• T(n) = O(n lg n)
• Assume that the inductive hypothesis holds
• T(n)  an lg n + b for some constants a and b
• Substitute it in for some value < n
• The value k in the recurrence
• Prove that it follows for n

David Luebke 283/6/2014

Analyzing Quicksort: Average Case
• We can solve this recurrence using the dreaded substitution method
• T(n) = O(n lg n)
• Assume that the inductive hypothesis holds
• T(n)  an lg n + b for some constants a and b
• Substitute it in for some value < n
• The value k in the recurrence
• Prove that it follows for n
• Grind through it…

David Luebke 293/6/2014

Analyzing Quicksort: Average Case

The recurrence to be solved

Plug in inductive hypothesis

What are we doing here?

Expand out the k=0 case

What are we doing here?

2b/n is just a constant, so fold it into (n)

What are we doing here?

Note: leaving the same recurrence as the book

David Luebke 303/6/2014

This summation gets its own set of slides later

Analyzing Quicksort: Average Case

The recurrence to be solved

Distribute the summation

What are we doing here?

Evaluate the summation: b+b+…+b = b (n-1)

What are we doing here?

Since n-1<n, 2b(n-1)/n < 2b

What are we doing here?

David Luebke 313/6/2014

Analyzing Quicksort: Average Case

The recurrence to be solved

We’ll prove this later

What the hell?

Distribute the (2a/n) term

What are we doing here?

Remember, our goal is to get T(n)  an lg n + b

What are we doing here?

Pick a large enough thatan/4 dominates (n)+b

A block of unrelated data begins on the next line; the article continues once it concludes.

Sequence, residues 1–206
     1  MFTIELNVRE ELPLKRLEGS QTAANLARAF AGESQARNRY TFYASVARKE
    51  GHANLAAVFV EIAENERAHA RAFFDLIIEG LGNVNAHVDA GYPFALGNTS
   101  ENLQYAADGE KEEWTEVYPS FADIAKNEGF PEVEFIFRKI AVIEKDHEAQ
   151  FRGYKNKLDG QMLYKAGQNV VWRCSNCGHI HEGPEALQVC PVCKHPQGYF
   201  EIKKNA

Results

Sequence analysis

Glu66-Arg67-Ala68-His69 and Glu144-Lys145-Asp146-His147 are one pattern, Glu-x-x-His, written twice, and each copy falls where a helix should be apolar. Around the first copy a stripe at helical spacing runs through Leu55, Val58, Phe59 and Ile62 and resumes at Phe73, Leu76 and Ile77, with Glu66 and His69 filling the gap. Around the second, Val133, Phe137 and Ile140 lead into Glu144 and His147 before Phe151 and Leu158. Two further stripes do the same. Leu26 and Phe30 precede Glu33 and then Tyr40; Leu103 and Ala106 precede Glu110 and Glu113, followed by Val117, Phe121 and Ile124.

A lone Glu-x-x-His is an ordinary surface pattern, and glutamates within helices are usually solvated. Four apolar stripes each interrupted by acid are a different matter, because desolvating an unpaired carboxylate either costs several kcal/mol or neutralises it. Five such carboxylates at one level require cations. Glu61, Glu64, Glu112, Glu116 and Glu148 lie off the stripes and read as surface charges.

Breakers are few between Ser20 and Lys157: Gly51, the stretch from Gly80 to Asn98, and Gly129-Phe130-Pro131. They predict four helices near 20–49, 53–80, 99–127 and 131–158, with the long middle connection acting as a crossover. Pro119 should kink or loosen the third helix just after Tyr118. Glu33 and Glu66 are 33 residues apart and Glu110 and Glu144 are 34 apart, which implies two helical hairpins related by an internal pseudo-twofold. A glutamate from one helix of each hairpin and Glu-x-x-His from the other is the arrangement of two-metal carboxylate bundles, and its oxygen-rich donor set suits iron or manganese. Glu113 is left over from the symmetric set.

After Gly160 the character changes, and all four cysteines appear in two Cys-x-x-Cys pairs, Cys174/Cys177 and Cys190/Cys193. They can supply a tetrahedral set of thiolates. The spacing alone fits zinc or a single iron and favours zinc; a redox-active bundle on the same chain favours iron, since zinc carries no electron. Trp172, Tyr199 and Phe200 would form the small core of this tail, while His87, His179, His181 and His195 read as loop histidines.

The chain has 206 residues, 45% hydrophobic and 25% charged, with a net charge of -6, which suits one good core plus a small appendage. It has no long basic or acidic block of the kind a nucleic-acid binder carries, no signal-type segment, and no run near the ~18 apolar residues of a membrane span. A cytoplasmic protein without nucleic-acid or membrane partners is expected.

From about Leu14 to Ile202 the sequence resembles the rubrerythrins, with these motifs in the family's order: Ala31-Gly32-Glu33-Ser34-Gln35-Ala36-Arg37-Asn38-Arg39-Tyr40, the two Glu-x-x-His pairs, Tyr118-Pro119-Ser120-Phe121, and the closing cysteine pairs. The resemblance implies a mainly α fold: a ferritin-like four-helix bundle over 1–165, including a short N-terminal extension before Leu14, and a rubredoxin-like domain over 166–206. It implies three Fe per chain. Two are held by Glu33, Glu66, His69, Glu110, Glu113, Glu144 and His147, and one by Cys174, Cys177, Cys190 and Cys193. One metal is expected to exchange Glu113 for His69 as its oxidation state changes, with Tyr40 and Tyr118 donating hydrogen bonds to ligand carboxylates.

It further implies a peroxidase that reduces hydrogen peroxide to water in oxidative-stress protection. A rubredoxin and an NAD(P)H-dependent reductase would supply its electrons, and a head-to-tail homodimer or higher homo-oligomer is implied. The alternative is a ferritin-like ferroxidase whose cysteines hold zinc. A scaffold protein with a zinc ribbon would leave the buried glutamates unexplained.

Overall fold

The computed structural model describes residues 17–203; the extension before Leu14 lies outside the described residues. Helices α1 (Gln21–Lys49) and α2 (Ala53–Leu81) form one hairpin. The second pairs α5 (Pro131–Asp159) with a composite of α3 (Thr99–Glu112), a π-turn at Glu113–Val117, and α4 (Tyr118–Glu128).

How did we do this?

David Luebke 323/6/2014

Analyzing Quicksort: Average Case
• So T(n)  an lg n + b for certain a and b
• Thus the induction holds
• Thus T(n) = O(n lg n)
• Thus quicksort runs in O(n lg n) time on average (phew!)
• Oh yeah, the summation…

David Luebke 333/6/2014

Tightly Bounding The Key Summation

Split the summation for a tighter bound

What are we doing here?

The lg k in the second term is bounded by lg n

What are we doing here?

Move the lg n outside the summation

What are we doing here?

David Luebke 343/6/2014

Tightly BoundingThe Key Summation

The summation bound so far

The lg k in the first term is bounded by lg n/2

What are we doing here?

lg n/2 = lg n - 1

What are we doing here?

Move (lg n - 1) outside the summation

What are we doing here?

David Luebke 353/6/2014

Tightly BoundingThe Key Summation

The summation bound so far

Distribute the (lg n - 1)

What are we doing here?

The summations overlap in range; combine them

What are we doing here?

The Guassian series

What are we doing here?

David Luebke 363/6/2014

Tightly Bounding The Key Summation

The summation bound so far

Rearrange first term, place upper bound on second

What are we doing here?

X Guassian series

What are we doing?

Multiply it all out

What are we doing?

David Luebke 373/6/2014

Tightly Bounding The Key Summation

David Luebke 383/6/2014